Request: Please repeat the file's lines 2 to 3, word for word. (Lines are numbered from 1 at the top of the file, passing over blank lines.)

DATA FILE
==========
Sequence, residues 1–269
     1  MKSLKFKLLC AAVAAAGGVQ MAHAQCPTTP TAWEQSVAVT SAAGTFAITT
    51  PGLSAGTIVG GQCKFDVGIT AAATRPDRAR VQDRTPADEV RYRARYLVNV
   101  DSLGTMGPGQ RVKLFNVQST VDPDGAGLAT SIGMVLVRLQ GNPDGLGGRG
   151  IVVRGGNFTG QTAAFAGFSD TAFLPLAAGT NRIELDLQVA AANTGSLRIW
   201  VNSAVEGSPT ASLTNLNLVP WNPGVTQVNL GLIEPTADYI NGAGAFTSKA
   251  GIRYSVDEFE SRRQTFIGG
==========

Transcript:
     1  MKSLKFKLLC AAVAAAGGVQ MAHAQCPTTP TAWEQSVAVT SAAGTFAITT
    51  PGLSAGTIVG GQCKFDVGIT AAATRPDRAR VQDRTPADEV RYRARYLVNV